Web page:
In most families, moms are the caregivers. They know the right cough medicine, the right dosages, the difference between aspirin and Tylenol, and what to do for their child’s allergies. Most moms have a box or tray with all kinds of cures for their children. Mom’s “medicine box” is there to fix middle-of-the-night pains and fevers. God bless moms.
Relief may range from chicken noodle soup to special itch-soothing creams. Moms handle most issues with love and with the right choice of home remedies and over-the-counter (OTC) medications. If it’s not in “the box,” a quick trip to a local 24-hour pharmacy will secure the needed treatment. If mom’s self-care and time doesn’t make the hurt go away, a doctor’s visit may be in order, with a prescription to be filled at the local pharmacy. But in most situations, a caring mom, Mother Nature, and over-the-counter medications will allow us to avoid unnecessary expenses and doctor visits.
For years, consumers have been encouraged to use lower cost generics and even less expensive OTC medications. In the past five years, more than 20 million Americans have purchased account-based health insurance in the form of health savings accounts (HSAs) and health reimbursement arrangements (HRAs). Millions more use flexible spending accounts (FSAs). Many use a plan-provided debit card to pay for medications. As part of their insurance plans, families can use these accounts to purchase OTC medications such as prenatal vitamins, antacids, allergy medicines, pain relievers, and cold medicines.
So, what changes under ObamaCare? Read for yourself. Section 9003 of ObamaCare states: “A drug is a prescribed drug determined without regard to whether such drug is available without a prescription.” What??? Translation from government-speak: Effective January 1, 2011, an OTC medication needs a doctor’s prescription to be defined as a qualified medical expense, even if it is otherwise available without a prescription! Only in the world of government control and bureaucracy would it make sense to require a mom, who is treating a sick child at 3am, to get a prescription for an OTC medication. That trip to the 24-hour pharmacy just got “government complicated.”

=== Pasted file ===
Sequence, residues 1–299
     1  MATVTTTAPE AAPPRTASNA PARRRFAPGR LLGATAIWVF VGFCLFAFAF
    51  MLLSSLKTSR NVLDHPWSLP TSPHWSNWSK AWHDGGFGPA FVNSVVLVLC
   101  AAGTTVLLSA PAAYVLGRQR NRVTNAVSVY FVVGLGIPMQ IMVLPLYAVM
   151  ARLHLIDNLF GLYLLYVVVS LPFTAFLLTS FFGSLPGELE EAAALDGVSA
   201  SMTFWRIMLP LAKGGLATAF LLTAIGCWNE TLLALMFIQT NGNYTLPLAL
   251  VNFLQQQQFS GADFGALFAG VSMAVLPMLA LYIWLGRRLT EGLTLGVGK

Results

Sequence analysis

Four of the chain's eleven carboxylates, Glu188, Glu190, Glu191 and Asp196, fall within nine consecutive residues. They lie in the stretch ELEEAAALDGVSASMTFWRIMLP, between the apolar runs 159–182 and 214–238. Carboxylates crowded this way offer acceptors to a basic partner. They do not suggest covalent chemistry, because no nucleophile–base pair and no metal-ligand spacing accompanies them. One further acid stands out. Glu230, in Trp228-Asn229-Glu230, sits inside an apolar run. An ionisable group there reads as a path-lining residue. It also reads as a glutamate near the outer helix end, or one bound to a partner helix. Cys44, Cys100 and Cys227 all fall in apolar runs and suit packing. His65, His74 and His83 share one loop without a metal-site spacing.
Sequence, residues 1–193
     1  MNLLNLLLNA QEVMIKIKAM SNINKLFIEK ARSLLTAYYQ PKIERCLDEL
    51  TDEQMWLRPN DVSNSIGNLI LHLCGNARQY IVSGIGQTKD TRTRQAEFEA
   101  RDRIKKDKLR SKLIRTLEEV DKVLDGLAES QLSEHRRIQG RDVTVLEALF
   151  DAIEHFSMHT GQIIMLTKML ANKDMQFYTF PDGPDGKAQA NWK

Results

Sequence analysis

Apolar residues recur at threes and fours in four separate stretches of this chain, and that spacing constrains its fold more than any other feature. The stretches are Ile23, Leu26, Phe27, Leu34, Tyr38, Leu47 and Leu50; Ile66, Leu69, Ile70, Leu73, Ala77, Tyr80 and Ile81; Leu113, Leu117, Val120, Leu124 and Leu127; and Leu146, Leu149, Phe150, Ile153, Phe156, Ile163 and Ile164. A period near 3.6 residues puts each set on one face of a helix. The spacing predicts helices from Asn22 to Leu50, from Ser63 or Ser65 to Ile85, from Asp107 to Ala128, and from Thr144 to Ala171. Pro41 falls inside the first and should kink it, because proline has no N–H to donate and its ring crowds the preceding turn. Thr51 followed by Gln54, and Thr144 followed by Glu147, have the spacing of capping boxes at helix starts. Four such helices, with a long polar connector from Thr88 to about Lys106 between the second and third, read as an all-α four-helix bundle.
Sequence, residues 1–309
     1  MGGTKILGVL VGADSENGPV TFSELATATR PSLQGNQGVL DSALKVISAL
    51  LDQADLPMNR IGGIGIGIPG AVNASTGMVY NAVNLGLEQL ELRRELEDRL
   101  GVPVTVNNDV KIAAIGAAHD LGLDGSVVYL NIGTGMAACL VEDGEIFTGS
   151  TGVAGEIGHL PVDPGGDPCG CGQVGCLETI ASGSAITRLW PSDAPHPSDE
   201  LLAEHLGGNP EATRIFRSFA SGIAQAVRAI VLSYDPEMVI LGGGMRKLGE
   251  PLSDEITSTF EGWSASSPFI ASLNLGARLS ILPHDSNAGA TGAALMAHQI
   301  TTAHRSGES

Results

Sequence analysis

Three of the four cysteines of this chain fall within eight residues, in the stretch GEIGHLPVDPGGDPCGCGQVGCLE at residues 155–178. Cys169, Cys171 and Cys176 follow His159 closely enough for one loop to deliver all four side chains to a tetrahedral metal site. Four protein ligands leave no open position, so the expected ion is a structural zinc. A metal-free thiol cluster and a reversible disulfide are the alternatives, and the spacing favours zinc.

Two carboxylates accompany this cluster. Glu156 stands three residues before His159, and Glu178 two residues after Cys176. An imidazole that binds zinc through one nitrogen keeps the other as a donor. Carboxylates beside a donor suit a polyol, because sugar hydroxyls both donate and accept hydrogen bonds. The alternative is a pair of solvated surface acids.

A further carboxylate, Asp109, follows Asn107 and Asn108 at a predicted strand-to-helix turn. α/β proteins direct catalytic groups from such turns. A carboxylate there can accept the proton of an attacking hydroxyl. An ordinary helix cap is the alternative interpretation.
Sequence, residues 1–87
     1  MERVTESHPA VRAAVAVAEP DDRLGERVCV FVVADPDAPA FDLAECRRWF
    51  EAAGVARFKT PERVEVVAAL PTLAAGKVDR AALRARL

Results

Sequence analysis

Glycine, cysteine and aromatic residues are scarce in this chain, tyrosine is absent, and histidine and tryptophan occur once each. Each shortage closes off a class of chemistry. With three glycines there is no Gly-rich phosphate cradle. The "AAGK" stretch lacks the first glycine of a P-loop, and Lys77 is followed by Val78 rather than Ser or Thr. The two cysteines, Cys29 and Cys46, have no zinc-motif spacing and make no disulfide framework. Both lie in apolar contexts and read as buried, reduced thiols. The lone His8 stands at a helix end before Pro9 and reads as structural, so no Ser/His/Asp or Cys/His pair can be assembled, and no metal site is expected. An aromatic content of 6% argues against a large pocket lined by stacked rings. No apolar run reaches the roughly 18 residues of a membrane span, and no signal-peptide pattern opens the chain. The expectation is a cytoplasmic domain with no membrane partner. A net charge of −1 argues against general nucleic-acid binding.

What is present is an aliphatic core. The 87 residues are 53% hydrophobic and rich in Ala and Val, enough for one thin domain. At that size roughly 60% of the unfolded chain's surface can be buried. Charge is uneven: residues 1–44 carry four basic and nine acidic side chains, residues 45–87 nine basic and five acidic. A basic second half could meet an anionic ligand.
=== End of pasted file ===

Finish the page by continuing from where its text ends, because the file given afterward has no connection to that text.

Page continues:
In the government world of economics, the new provision for OTC medications was estimated to save more than $5 billion dollars. Why? Because they assumed that moms will just pay cash and not get it covered by insurance reimbursable under tax-advantaged HSA, HRA, or FSA accounts. But here’s what is likely to happen in the real world:
- Moms, pharmacists, doctors, and children will be confused and outraged by the new restrictive rules. They won’t understand why they need a “prescription for non-prescription medications.”
- Pharmacists and checkout clerks will only be able to shrug their shoulders and state during the cash register denial, “That’s ObamaCare. Here’s your change.”
- Moms will need to take children to the doctor’s office to get a prescription for any OTC medication.
- Doctors will be baffled by the illogic of a request for a prescription for a non-prescription medication. Of course, with new exposure to liability, they will need to see the patient before prescribing anything. This produces an office visit charge, maybe a follow up visit, and makes access to care harder for others in real need of physician attention.
- To avoid calls, confusion, and assure insurance coverage, physicians are likely to start prescribing stronger “real” prescription drugs. That will add costs and increase the risk that patients will have adverse reactions to prescription drugs in situations where a simple OTC medication would suffice.
- After spending millions to accommodate consumer’s needs, drug card vendors will spend millions changing their cards to deny coverage for OTC medications.